New report shows that tobacco use cost Canadians $16.2 billion in 2012

Report also finds that three quarters of deaths as a result of tobacco use between 2002 and 2012 occurred in people aged 65 or older

October 16, 2017 – Ottawa, ON – Health Canada

Tobacco is the leading preventable cause of disease and premature death in Canada. Despite declines in tobacco use over the past several decades, there are still millions of Canadians who use tobacco. The Government of Canada is taking action to reduce tobacco use in Canada.

A new report released today by the Conference Board of Canada, and funded by Health Canada, offers more evidence that tobacco use is a significant burden on all Canadians, costing society $16.2 billion in 2012, or $466 for every Canadian. This includes costs associated with direct health care, fire, policing, research and prevention as well as lost productivity due to disability and premature death. Most importantly, behind this dollar figure are more than 45,000 deaths in 2012, which represents 18% of all deaths in Canada that year. This means 125 Canadians died because of tobacco use every day in 2012.

The information provided in The Costs of Tobacco Use in Canada, 2012 report provides further evidence that more action is needed to reduce tobacco use in Canada. To that end, the Government of Canada introduced Bill S-5, the proposed Tobacco and Vaping Products Act and is modernizing the current Federal Tobacco Control Strategy. Bill S-5 balances the need to protect youth and non-users from the harms of vaping product use, including nicotine addiction, while allowing adults, particularly adult smokers, to legally access vaping products as a less harmful alternative to tobacco. In addition to its commitments relating to vaping and plain packaging, the Government of Canada has taken action to ban the use of menthol flavouring in cigarettes, blunt wraps, and most cigars.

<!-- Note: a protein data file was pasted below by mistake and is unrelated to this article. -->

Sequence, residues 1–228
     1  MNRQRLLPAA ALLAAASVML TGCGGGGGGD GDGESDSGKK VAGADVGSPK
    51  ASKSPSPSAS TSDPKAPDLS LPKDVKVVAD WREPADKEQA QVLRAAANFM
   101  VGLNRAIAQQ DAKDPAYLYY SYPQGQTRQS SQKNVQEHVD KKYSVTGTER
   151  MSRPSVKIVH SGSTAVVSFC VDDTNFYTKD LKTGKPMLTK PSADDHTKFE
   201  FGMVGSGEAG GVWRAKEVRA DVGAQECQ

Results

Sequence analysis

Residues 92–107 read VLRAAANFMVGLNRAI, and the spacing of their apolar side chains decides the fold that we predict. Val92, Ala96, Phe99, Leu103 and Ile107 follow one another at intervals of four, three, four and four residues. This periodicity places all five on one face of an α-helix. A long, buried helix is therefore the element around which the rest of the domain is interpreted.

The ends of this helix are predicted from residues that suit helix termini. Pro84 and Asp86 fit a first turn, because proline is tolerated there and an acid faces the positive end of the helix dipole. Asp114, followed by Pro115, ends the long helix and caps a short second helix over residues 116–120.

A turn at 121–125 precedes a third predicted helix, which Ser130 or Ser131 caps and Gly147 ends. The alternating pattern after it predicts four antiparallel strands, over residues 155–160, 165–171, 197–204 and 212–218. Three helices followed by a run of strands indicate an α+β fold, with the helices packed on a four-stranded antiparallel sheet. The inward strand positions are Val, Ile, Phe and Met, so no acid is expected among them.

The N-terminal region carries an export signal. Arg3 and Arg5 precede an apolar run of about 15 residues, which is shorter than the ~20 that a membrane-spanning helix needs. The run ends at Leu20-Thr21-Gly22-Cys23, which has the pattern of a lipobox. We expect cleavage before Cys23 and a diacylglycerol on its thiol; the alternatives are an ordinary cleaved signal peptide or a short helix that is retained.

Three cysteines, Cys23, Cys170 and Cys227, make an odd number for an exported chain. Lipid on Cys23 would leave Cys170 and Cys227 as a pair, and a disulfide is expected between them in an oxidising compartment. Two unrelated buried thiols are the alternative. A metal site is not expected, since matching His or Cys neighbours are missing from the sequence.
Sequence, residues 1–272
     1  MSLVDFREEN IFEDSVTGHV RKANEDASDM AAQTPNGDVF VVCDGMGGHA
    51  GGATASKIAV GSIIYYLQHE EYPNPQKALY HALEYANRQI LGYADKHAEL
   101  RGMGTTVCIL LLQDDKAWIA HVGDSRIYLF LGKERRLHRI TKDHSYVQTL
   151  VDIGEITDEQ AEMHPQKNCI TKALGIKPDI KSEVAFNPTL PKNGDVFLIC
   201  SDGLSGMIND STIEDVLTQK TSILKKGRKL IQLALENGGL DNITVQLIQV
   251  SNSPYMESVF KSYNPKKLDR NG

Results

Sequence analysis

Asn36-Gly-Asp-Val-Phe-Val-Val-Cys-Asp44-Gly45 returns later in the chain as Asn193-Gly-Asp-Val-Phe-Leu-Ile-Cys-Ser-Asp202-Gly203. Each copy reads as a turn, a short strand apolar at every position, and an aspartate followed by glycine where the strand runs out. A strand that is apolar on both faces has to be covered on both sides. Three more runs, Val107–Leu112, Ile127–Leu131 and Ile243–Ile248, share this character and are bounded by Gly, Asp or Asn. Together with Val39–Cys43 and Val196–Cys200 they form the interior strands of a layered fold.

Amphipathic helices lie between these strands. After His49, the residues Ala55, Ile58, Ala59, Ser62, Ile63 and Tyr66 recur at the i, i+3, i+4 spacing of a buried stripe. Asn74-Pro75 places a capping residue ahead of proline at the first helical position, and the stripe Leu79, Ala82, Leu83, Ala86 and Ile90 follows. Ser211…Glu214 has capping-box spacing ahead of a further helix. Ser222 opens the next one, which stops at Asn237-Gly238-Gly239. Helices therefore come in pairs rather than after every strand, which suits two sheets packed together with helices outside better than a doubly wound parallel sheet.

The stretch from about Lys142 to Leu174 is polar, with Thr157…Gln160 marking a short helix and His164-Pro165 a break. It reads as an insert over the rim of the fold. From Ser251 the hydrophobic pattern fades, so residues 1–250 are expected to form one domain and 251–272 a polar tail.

The Government of Canada’s commitment to charting a new course in tobacco control is a component of the Vision for a Healthy Canada, which focuses on healthy eating, healthy living and a healthy mind. Some initiatives supporting this Vision include revisions to Canada’s food guide, a ban on partially hydrogenated oils (the main source of industrially produced trans fats in Canadian food), and immunizations and vaccine awareness initiatives, among others.


“The costs of tobacco use in Canada are significant, and will continue to rise if we do not take new measures and sustain our collective commitment to tackle this issue. Aggressive action is needed, which is why we are moving forward with Bill S-5 and modernizing the current Federal Tobacco Control Strategy. I look forward to continuing our work with the provinces, territories, Indigenous communities and all Canadians to achieve this goal.”

The Honourable Ginette Petitpas Taylor

Minister of Health

“Cigarette smoking is still the leading cause of premature death in Canada, killing half of all long-term users. Tobacco control is a public health priority that requires focused efforts to prevent youth from starting to smoke and to help current smokers quit.”

Dr. Theresa Tam

Chief Public Health Officer

Quick Facts

  • Despite a steady decline in the number of smokers in Canada, the number of deaths due to tobacco use increased 22%, from 37,209 in 2002 to 45,464 in 2012.
    •  58.5% of these were men and 41.5% were women.
    • Three quarters of these deaths occurred in people aged 65 or older.
    • These premature deaths mean nearly 600,000 potential years of life lost.
    • Smoking rates were higher 30 to 50 years ago, so we can expect the numbers of deaths due to tobacco use to increase as our population ages.
  • Direct health costs also increased over this period, from $4.4 billion to $6.5 billion.
    •  This included prescription drugs ($1.7 billion), physician care ($1.0 billion) and hospital care ($3.8 billion).
    • Federal, provincial and territorial governments spent $122 million on tobacco control and associated law enforcement activities.
  • Production losses were $9.5 billion, of which almost $2.5 billion were associated with premature deaths and $7.0 billion were associated with short- and long-term disability.
  • In the coming months Health Canada will:

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Yves-Alexandre Comeau
Office of Ginette Petitpas Taylor
Minister of Health

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Health Canada

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